Beachdaze, T.W. Lawless
Book six in the Peter Clancy series, set in the world of investigative journalism, BEACHDAZE sees Peter back in Australia, out of the day-to-day newspaper game and up to his elbows in neighbourhood dispute from the moment he sets foot in his new home.
Readers of the earlier books in the series will find the idea that Clancy has given up the high-octane world of investigative journalism in swinging London slightly surprising. He got there via an interesting route, starting out his reporting days on the old Truth newspaper in Melbourne, Australia (denizens of the state of Victoria, of an age sufficient enough to remember the Truth, will recall clearly the sometime gulf between the publication's title and it's content, although really it was a tabloid that launched a number of very high profile careers in real life).
Clancy's return to Australia has been precipitated by a health crisis, and the news that the heart attack he suffered was likely to reoccur should he not adjust his lifestyle. A move to a quiet coastal town to write a book seems like exactly the right idea, although the purchase of a house unseen, almost while he's in transit from the UK seems like a brave move, particularly when he discovers he's landed in a location anything but quiet. Peter's new neighbours are a fractious lot, not helped at all by the dodgy behaviour of a very suspect character new to the area himself. Not even a reunion with his oldest friend can change the course of Peter's perked interest though, as investigation is his default setting, although less kind individuals might put it down to him being as nosy as many of his new neighbours.
As with earlier books in this series, each entry can stand on its own if you're new to the set. As you'd also expect from 6 novels now, it would be better if a reader could start from the beginning and work their way through, as Clancy's backstory is a big part of the world he inhabits, and the way that he always reacts to events. It's also a great series for giving you a feel for the good old days of investigative journalism, newspapers, and the cut and thrust of newsrooms the world over. I've always been a bit of a fan of the supporting characters in this series as well, and the return of Conni and her place in this world fleshed out his private life, as the earlier books have done with the professional.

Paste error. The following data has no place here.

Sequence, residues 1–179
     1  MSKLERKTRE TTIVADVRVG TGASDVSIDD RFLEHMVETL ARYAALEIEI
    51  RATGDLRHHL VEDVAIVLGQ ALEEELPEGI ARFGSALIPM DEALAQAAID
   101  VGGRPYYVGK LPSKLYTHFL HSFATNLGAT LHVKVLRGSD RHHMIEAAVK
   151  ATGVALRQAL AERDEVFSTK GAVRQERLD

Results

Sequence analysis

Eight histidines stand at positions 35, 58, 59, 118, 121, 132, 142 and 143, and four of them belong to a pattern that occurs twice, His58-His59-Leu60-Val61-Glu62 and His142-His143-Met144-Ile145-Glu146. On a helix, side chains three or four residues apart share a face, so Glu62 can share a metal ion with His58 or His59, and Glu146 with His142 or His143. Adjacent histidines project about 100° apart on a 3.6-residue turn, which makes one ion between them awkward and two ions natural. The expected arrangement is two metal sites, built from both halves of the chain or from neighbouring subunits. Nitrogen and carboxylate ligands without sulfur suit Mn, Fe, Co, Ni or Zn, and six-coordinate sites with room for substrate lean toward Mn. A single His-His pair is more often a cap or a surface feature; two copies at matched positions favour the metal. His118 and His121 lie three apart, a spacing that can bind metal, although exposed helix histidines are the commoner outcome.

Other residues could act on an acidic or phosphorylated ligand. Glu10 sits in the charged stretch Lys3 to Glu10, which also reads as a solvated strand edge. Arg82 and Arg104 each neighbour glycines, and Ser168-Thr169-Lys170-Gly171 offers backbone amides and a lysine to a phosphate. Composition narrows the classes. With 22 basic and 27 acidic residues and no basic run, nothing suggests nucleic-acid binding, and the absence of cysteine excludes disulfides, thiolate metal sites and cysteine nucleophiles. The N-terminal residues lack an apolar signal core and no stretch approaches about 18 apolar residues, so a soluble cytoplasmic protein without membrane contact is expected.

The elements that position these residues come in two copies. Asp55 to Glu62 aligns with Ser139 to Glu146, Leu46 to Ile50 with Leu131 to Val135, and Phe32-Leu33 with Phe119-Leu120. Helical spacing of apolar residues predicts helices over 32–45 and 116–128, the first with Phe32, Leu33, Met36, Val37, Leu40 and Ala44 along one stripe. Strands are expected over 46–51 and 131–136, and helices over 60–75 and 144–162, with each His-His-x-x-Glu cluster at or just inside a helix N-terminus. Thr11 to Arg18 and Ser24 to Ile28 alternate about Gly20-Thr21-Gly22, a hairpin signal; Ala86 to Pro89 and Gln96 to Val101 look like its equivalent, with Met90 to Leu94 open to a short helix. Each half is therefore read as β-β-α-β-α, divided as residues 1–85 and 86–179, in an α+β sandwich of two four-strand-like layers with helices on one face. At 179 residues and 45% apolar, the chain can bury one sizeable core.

The investigation at the heart of BEACHDAZE starts off with the sorts of typical neighbourhood disputes that happen in areas undergoing rapid (and often very dodgy) development. Fence disputes, illegal dumping and vandalism escalate to break-ins and threats, leading rapidly to a series of sudden and unexplained deaths. The authorities (and there's more than a hint of corruption there) are loath to get involved early on in the piece, which leaves the sleuthing field wide open for Peter, an invitation he's unable to resist - health concerns or no health concerns.
Written with a lightish touch, a hefty sense of dry humour, and great affection, the Peter Clancy series is a nice little distraction from the utter binfire that's mainstream journalism these days.
He'd been given enough warnings...
Only a heart attack could make Peter Clancy leave his beloved London and the excitement of his work as an investigative journalist. He moves to a quiet coastal town in Australia, the perfect place to write a new book while avoiding all bad influences.
Serenity Bay turns out to be anything but quiet-the neighbours are noisy or nosy, getting under his skin or into his pants. Not even a surprise reunion with an old friend can turn this nightmare into the peaceful retreat Peter was seeking, intent as she is on reuniting him with at least one bad influence.
Of course, Peter doesn't need much persuasion to resume his vices-old habits die hard, and before long Peter is poking his nose into the affairs (in all senses) of not only his neighbours but the local council, property developers and even aged-care proprietors.
But with the authorities showing no interest in investigating reports by concerned citizens of illegal dumping, vandalism, break-ins and threats-not even after a number of sudden and unexplained deaths-who else can they turn to, but Peter the Perennially Energetic Journalist?